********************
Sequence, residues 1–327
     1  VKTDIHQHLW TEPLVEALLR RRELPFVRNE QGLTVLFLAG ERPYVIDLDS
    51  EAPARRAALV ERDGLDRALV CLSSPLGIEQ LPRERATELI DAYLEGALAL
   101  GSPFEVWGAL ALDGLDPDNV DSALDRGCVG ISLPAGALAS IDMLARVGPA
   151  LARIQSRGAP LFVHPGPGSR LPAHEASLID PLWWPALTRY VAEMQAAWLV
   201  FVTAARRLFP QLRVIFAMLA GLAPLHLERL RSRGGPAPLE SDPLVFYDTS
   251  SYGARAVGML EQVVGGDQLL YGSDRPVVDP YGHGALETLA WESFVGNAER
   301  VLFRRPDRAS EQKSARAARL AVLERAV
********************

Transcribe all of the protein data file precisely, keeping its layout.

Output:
Sequence, residues 1–327
     1  VKTDIHQHLW TEPLVEALLR RRELPFVRNE QGLTVLFLAG ERPYVIDLDS
    51  EAPARRAALV ERDGLDRALV CLSSPLGIEQ LPRERATELI DAYLEGALAL
   101  GSPFEVWGAL ALDGLDPDNV DSALDRGCVG ISLPAGALAS IDMLARVGPA
   151  LARIQSRGAP LFVHPGPGSR LPAHEASLID PLWWPALTRY VAEMQAAWLV
   201  FVTAARRLFP QLRVIFAMLA GLAPLHLERL RSRGGPAPLE SDPLVFYDTS
   251  SYGARAVGML EQVVGGDQLL YGSDRPVVDP YGHGALETLA WESFVGNAER
   301  VLFRRPDRAS EQKSARAARL AVLERAV